Students aim to end homelessness by UT area

Ending homelessness in Austin; one integral part in making that happen is by tackling mental health. Now it could soon be expanding.

A large portion of the homeless population has migrated to the University of Texas campus and many of them face issues related to mental health. From depression to bi-polar disorder - issues that some students within the UT System would like to address.

There are several factors in getting a person back on their feet. One is making sure they are mentally stable. So how can we get them that help?

"We're trying to implement the system of tele-psychiatry, which is talking to a mental heath professionals and getting tele-psychiatry services through the use of the internet. Whether it's phone calls, Skype calls or video calls," says Kavina Patel, UTSA student, VideoMed.
 
UTSA undergrads Kavina Patel and Farhan Ahmad are passionate about helping the homeless. This Summer they were involved in a UT System-funded program that promoted student entrepreneurship. That's where they came up with VideoMed.

"The program is really to spur impact through things that they develop. It's to identify needs from the customers and then to roll out and create impact. That's what was so exciting about VideoMed, that there is a great need and UT can address impact throughout many different communities," says Carlos Kemeny, assistant director of UT System's Office of Technology Commercialization.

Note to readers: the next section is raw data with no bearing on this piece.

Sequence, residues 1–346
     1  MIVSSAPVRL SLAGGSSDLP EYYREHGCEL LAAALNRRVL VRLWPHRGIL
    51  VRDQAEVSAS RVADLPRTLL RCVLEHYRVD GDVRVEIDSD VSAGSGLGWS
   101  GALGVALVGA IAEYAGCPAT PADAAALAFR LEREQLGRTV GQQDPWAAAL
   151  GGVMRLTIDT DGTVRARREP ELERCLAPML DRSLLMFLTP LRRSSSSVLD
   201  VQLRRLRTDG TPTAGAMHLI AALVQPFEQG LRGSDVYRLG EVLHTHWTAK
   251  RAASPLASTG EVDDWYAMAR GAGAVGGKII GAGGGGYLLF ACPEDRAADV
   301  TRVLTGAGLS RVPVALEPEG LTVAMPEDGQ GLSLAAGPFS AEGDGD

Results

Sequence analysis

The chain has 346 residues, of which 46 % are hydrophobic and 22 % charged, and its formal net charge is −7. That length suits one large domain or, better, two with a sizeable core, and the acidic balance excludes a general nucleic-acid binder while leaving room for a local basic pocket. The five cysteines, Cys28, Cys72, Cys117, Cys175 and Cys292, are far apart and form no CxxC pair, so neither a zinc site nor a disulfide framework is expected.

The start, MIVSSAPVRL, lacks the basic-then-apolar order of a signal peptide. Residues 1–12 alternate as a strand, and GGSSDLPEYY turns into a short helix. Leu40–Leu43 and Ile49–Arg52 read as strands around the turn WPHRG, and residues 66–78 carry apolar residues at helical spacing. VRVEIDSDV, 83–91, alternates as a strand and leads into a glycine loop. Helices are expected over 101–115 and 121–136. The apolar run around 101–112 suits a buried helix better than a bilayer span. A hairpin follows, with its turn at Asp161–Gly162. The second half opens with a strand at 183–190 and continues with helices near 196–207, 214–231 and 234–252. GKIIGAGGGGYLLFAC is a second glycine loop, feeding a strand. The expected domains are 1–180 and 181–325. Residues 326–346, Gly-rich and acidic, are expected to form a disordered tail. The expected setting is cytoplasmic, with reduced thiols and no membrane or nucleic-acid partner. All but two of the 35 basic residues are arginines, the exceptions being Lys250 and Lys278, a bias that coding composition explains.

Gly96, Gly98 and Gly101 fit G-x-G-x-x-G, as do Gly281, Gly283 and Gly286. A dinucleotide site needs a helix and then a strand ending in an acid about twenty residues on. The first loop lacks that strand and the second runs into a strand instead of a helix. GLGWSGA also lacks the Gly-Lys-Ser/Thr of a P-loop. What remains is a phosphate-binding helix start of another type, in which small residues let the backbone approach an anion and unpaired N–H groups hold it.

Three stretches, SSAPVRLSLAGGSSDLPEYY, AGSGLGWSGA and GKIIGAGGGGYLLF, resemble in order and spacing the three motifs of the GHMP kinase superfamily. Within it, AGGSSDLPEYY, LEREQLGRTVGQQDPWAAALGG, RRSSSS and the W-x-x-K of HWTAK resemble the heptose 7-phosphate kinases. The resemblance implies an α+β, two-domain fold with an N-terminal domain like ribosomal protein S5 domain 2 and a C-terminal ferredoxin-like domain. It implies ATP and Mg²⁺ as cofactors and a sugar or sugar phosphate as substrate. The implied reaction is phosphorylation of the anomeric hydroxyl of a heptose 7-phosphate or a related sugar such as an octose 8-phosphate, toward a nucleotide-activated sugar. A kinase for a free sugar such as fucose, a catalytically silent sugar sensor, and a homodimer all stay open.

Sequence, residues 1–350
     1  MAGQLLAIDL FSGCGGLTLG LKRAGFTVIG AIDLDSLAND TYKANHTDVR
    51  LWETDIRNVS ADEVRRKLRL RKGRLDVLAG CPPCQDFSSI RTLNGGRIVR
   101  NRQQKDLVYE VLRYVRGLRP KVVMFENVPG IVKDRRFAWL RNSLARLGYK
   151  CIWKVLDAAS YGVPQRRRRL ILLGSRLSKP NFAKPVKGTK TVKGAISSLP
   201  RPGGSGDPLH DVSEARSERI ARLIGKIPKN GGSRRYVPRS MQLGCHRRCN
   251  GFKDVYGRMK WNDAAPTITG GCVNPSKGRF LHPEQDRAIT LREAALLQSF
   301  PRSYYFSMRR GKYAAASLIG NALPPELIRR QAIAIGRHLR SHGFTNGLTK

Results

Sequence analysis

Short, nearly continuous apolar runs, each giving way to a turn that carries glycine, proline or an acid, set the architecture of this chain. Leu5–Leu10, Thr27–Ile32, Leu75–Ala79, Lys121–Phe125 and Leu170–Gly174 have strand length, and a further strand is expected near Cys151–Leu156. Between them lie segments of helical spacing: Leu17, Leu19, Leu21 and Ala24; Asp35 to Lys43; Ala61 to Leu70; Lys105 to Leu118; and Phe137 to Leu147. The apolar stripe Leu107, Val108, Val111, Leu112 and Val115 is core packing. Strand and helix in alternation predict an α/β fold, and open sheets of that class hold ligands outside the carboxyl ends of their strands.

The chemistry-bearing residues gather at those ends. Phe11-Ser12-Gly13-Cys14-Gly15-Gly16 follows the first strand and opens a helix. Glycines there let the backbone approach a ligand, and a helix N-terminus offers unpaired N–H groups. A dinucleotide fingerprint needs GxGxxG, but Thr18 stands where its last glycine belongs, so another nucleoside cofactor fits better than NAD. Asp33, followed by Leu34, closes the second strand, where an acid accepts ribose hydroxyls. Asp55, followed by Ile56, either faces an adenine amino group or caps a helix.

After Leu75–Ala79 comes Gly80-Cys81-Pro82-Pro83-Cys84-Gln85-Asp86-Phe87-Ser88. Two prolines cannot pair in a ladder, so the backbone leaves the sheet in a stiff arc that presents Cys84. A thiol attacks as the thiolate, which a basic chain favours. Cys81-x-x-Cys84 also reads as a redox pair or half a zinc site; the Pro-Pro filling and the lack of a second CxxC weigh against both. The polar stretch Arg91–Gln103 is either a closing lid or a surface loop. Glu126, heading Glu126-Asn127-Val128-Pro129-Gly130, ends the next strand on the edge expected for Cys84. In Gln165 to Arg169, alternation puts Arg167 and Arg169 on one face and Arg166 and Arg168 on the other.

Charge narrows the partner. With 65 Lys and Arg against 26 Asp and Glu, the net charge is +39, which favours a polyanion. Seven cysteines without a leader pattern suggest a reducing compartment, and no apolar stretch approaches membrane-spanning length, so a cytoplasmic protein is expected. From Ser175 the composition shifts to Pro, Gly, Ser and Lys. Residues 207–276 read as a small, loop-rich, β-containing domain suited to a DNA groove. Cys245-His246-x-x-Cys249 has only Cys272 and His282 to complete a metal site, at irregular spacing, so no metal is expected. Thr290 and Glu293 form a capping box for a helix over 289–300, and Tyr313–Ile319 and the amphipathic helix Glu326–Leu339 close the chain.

"In this case, the patient is a homeless person. Seeing whether that has an impact in recuperation and in removing some of the symptoms of mental illness that they face," says Farhan Ahmad, UTSA student, VideoMed.

Austin Travis County Integral Care has been offering similar services to our area's homeless. They would like to collaborate with the students to expand the efforts placed on mental health.

"It's very important for the people we serve to be stable, to be able to make informed choices. At times, it's really beneficial for them to feel connected, to have the ability to regulate their symptoms and learn how to cope with very significant barriers," says Darilynn Cardona-Beiler, associate director, Adult Behavioral Health Services at Austin Travis County Integral Care.

Census data for our area, Point in Time Count, shows in 2015 there are fewer than 2,000 people experiencing homelessness in Austin-Travis County. More than 300 of them face a serious mental illness.

"Schizophrenia, schizo-effective disorder, bi-polar disorder - more of the severe spectrum. Across the homeless population overall, we're encountering that about 30 percent suffer from mental illness and of those, we see more of depression, post traumatic stress disorder, adjustment disorder, anxiety and things of that nature," says Cardona-Beiler.

What they have also found, is that permanent housing is an intervention to mental health issues.

The good news is that we have already made significant progress on ending homelessness in Austin-Travis County. Over the last five years there has been a 21 percent decrease. In 2011 the number of homeless was nearly 2500 and now we are under 2000.

The UTSA students would like the tele-psychiatry services to be offered at homeless shelters, churches and libraries. The pilot program is expected to take place in Austin and San Antonio in the next two years. If successful, they would like for it to expand. You can email the students if you would like to help: kavina.patel@yahoo.com
 

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